As the new generation automobile will be a connected device it will have to seamlessly connect with other vehicles, traffic instruction systems, transportation infrastructure to be able to operate smoothly in a smart environment. Connectivity includes the wireless means through which data is passed and analysed across different components to enable the execution of digital automotive and/or transportation products, services, and capabilities.

Connectivity can be established through embedded equipment in the vehicle, retrofitted, or established by leveraging a tethered device (e.g., smartphone). Examples of connectivity methods include cellular (e.g., 3G, 4G, and 5G), close-range wireless (e.g., NFC, Wi-Fi, and Bluetooth), intervehicle or V2X (vehicle-to-everything) communications or cellular V2X [C-V2X]), GPS, and satellite technologies.

Integration services will include the functional coupling of physical and virtual components, systems, and/or subsystems. These will help enable and optimize the development and delivery of digital and digital services. This integration often includes providing the capabilities and expertise to support the bridging of “old” and “new” platforms, technologies, and frameworks to support a bridged feature evolution. Integration services would unify and analyse first-party and third-party data streams, augment legacy systems capabilities and/or reporting, redefine business or manufacturing processes, or even deliver off-the-shelf, “configured,” or custom products and services.

Like any connected device, the security of the software systems will become extremely critical to prevent hacking. Security and privacy services must ensure that all aspects of vehicle systems and data remain trusted, utilized, and operated as initially designed (and conform to existing and emerging regulations). This includes capabilities to secure embedded or retrofitted physical hardware interfaces, monitoring of software, protecting data at rest and in transit, and certifying compliance for all data protection and personally identifiable information (PII) regulations and standards. Digital automotive and transportation products and services, which leverage data as a basis to deliver value, provide a broad attack vector for nefarious actors and must be designed, developed, tested, validated, and monitored to ensure that they cannot be exploited, hacked, or utilized for unintended purposes.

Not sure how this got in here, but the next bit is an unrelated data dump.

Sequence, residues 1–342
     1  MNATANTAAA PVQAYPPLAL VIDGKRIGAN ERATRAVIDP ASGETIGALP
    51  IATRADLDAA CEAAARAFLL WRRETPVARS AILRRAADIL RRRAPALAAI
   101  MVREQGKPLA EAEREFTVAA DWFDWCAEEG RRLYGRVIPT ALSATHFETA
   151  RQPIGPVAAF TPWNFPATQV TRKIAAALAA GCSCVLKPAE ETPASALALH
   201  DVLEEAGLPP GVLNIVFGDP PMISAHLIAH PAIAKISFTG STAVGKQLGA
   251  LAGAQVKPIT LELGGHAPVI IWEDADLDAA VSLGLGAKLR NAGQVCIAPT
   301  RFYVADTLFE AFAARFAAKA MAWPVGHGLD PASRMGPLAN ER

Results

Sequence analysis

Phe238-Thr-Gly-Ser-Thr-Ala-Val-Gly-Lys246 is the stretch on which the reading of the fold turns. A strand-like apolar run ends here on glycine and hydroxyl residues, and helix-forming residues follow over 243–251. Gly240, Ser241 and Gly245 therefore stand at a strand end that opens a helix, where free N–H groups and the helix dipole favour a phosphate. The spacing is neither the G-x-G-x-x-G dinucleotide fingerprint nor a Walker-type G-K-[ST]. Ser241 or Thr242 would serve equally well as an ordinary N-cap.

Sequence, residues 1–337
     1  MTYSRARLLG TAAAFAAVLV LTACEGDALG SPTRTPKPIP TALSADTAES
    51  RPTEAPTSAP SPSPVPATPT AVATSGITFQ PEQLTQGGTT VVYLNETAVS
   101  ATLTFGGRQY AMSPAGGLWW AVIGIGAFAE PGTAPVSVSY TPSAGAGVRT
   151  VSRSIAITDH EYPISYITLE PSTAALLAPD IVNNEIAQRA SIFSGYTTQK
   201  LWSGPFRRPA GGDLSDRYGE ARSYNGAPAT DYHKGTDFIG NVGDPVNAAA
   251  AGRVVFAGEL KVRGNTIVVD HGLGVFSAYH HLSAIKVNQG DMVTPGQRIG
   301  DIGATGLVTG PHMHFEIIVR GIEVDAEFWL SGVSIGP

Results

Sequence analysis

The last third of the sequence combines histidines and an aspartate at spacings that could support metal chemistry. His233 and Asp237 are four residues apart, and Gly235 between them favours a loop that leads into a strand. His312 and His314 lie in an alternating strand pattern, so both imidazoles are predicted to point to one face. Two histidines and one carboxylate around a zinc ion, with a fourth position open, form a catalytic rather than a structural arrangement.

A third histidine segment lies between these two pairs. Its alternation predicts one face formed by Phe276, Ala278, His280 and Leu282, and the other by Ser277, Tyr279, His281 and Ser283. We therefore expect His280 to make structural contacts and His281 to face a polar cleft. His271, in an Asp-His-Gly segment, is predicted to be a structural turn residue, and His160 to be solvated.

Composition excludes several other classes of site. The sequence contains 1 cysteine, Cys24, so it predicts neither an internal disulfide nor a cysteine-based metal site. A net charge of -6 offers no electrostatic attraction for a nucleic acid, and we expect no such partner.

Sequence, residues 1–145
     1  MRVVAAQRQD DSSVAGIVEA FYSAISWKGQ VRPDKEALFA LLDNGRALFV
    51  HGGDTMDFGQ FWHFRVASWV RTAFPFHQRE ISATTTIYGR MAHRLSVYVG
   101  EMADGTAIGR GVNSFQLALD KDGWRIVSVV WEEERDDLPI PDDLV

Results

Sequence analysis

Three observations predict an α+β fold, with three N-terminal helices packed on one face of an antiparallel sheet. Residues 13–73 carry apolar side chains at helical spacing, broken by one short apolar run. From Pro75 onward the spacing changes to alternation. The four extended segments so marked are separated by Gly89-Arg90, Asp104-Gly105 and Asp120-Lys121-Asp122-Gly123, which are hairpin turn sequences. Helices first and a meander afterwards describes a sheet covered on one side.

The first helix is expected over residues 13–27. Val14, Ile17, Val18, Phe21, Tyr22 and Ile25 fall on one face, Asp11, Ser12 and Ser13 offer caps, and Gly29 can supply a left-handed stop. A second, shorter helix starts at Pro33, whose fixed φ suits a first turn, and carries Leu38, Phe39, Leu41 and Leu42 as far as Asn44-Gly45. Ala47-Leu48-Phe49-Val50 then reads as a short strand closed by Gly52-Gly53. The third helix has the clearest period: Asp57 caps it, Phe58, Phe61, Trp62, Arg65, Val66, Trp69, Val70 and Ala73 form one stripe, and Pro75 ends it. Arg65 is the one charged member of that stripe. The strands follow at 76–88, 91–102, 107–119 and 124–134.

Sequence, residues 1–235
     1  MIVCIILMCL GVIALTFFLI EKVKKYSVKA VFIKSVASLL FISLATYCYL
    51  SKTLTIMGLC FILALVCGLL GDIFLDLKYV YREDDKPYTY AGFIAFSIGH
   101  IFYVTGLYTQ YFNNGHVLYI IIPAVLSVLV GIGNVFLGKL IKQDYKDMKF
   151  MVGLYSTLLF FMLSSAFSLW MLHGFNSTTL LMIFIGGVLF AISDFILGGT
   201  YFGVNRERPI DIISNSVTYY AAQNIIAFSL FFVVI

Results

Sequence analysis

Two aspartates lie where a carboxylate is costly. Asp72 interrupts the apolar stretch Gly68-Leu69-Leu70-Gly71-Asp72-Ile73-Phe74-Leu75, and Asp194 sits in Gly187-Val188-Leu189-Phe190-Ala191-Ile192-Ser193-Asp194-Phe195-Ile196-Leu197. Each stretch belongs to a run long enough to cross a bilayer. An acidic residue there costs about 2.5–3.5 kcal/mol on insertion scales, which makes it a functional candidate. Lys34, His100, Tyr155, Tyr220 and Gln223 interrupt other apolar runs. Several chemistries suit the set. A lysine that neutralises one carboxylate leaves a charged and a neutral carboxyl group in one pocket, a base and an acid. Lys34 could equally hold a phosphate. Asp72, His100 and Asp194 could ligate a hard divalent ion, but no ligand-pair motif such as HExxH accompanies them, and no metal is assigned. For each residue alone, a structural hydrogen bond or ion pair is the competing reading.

Connected vehicles are expected to deliver a deluge of data from the increased adoption of high-speed data-embedded connectivity in vehicles, onboard sensors, migration of analogue vehicle systems to digital (and “fly by wire”) control, and consumer demand for enhanced and immersive experiences. This will require the technologies, expertise, and innovation from data management vendors, typically coming from the world of cloud, database, integration, and marketplace services to help manage vehicle, edge, and cloud data. They will also perform data normalization, labelling, compliance, distribution, third-party contracting, and monetization functions.

Automobiles of the future will be guided by machine learning technologies as they will constantly become smarter as they communicate with other vehicles and smart city infrastructure. Artificial Intelligence (AI) and machine learning technologies will be applied for the development of systems and tools that leverage data models to improve on their own without constant supervision or solely relying on pre-planned algorithms. AI and machine learning are being applied to multiple operational and support domains including AV driving functions, traffic and pedestrian monitoring, predictive maintenance, and vehicle condition evaluation.

This automotive transformation will also have significant impact on financial services like automobile insurance for instance. Insurance services facilitate the financial protection of all that the vehicle may touch or interact with, including providing protection from damage, injury, and liability expenses. This includes potentially supporting the vehicle’s components, software, fleet provider, passengers, drivers, roadside infrastructure, and even pedestrians.